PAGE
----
[00:11:37] Dr. Rajiv J. Shah: Yeah, well, the lesson I learned was the power of asking simple questions, and I learned it from Bill because he would pull us all into a room and say, How much does it cost to vaccinate every child on the planet?

And believe it or not, the world's experts who would join us in these conversations struggled with answering that. They said, Look, it's really complex, and it's hard to be that reductive, and it's just a big, complex question. But Bill's simple questions really forced us to model out What it would cost to vaccinate all 104, 105 million kids who were born every year.

It forced us to study who was really getting vaccinated and who wasn't. It turns out probably half of that birth cohort was going without vaccinations. It forced us to learn the consequence of that, which was that 11 million children under the age of five every year were dying, many of whom from easily preventable diseases if they could get vaccines.

And it forced us to do some other analysis on the demand and supply side of the global vaccine industry to really understand what it would take to scale up vaccinations. The bottom line is, those simple questions led to some big breakthrough innovations and ideas. It led to Bill's and Melinda's big investment to create the Vaccine Alliance, and 20 years later, 980 million children have been vaccinated, and 16 million child lives have been saved, and to me, that's what a Big Bet is, and what a Big Bet looks like, delivering results at scale to make humanity much, much better.

[00:13:08] Hala Taha: That's incredible, and you should be so proud. And one thing that I really want to drill on is this concept of asking really simple questions. So can you talk to us about how that can actually help us solve bigger problems and get to the root cause of what's going 

[00:13:23] Dr. Rajiv J. Shah: on? Sure. Well, look, often, especially as you kind of, I think, get more and more expertise in your career.

And this is why, especially for your listeners that are just embarking on their entrepreneurial endeavors, people sometimes overwhelm their thinking with complexity. And in the case of vaccinating children in developing and low income countries. It's easy to say, well, you can't really figure out what it takes because you need so many things, you need roads, you need power and energy infrastructure, you need refrigeration and cold chain to protect vaccines, you need enough supply of different kinds of vaccines, most of those vaccines were only being made for rich countries that could afford them.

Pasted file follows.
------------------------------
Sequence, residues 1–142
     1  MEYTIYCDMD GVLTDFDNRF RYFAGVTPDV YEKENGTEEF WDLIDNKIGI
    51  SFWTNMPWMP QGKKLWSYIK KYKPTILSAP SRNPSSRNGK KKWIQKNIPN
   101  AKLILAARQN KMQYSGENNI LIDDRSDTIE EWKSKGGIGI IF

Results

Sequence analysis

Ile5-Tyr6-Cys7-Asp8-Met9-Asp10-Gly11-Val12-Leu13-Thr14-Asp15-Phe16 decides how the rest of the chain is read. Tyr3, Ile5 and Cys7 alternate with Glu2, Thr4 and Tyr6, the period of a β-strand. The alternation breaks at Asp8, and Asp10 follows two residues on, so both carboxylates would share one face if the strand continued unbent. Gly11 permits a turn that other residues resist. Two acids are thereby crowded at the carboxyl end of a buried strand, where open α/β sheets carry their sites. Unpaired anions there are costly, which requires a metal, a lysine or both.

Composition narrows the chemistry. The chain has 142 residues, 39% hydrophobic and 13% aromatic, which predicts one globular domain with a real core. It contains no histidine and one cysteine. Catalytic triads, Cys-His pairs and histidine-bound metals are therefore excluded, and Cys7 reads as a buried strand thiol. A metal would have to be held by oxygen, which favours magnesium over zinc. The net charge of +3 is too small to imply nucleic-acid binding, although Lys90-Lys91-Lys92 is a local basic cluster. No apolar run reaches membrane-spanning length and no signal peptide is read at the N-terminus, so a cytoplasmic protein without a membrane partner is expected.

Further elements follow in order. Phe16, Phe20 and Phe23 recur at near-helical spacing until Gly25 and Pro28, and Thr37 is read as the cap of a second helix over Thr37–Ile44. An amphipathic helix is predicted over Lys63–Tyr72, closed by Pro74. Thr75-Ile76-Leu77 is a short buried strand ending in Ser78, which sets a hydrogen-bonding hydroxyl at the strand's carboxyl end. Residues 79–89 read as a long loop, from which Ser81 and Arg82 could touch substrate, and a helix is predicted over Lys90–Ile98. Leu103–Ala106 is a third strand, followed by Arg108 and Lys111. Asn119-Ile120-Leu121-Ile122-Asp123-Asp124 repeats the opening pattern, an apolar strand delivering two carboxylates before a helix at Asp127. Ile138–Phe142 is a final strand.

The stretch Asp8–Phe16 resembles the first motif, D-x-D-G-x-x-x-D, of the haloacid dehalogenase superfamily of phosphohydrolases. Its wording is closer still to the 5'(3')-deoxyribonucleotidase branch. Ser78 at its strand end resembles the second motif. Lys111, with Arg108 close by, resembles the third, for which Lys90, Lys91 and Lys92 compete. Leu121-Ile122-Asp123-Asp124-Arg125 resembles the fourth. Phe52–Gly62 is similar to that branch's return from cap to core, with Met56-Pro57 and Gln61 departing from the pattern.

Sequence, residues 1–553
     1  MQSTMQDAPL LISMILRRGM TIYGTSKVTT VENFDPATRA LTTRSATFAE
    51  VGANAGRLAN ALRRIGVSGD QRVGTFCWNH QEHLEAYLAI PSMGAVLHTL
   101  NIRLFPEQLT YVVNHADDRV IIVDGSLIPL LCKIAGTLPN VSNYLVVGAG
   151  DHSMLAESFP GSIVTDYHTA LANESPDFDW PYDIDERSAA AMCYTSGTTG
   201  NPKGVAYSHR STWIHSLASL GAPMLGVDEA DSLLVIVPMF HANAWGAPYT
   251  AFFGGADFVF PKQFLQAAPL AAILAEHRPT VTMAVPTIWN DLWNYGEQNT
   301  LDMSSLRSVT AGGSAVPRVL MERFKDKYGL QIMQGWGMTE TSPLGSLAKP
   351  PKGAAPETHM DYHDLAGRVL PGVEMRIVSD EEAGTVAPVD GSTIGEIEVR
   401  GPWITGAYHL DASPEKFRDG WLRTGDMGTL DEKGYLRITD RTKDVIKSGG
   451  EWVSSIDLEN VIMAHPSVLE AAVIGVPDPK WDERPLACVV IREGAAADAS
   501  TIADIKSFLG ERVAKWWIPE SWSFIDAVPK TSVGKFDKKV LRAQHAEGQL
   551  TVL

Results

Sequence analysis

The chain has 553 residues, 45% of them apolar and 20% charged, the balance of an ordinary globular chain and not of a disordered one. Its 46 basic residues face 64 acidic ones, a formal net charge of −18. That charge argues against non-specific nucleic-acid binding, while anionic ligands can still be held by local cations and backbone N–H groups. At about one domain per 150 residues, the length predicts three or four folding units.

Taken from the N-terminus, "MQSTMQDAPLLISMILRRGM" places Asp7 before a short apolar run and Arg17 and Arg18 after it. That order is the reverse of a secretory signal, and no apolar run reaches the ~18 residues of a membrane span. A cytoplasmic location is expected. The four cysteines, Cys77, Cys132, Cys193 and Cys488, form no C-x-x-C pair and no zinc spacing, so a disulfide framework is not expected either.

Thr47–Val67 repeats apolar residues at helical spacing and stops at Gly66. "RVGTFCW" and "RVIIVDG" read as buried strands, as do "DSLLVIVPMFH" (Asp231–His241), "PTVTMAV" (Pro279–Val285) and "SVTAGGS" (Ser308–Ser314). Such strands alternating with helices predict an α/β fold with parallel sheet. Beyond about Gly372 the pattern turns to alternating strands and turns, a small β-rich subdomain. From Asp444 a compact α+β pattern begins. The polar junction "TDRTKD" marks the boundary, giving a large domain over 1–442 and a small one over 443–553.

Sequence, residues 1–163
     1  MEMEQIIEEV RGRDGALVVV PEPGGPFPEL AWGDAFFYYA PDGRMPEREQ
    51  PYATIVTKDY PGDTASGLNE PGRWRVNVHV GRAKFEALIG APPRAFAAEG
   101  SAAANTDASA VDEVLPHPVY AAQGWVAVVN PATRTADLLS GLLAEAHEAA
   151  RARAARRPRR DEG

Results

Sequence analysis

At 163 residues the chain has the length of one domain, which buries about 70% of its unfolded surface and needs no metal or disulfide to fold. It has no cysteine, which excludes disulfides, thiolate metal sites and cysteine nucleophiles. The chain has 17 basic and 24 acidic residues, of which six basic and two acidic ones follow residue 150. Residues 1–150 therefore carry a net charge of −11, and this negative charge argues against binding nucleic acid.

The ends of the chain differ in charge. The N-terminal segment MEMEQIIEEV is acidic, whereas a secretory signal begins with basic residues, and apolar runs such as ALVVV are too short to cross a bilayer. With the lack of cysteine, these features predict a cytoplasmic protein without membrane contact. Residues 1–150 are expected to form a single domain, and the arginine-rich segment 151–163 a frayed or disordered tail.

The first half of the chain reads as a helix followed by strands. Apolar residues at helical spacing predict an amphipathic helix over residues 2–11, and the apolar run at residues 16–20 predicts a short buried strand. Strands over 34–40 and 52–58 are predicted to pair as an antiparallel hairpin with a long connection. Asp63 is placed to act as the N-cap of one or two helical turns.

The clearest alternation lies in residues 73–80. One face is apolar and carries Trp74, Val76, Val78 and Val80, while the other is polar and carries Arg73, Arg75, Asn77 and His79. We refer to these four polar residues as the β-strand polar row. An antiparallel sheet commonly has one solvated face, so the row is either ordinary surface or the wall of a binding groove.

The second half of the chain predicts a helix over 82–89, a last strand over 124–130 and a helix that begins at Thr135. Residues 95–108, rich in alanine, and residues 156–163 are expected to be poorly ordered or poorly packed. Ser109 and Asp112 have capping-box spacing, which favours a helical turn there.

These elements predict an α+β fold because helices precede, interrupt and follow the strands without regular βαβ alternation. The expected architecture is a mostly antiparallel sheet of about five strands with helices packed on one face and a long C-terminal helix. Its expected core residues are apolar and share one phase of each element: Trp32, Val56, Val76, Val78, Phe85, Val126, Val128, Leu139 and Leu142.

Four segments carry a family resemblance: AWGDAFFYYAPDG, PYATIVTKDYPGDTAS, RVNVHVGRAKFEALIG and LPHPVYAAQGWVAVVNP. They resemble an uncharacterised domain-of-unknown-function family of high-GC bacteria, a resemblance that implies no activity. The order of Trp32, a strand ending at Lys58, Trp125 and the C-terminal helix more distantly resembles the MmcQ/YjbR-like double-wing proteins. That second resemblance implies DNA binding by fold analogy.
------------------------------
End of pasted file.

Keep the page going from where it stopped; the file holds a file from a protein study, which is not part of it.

And there's so many barriers that it's easy to give up and to say, well, let's just do a little bit of what we can and be content with that, as opposed to saying, how do you actually change these systems to achieve the goal of creating an environment where every child on this planet can be protected from easily preventable childhood mortality?

And so that's the power of simple questions is the forced analysis, the forced learning and the forced identification of barriers. Which you then spent years and decades trying to overcome. I think that lesson applies as much to vaccinating kids as it does to stopping pandemics as it does to starting a business that you hope will be transformational in your sector of the economy.


[00:14:48] Hala Taha: is so insightful. Can you give us an example of, let's just use this vaccination example, what was like the complexity and then how did you drill down to like the one simple question in that?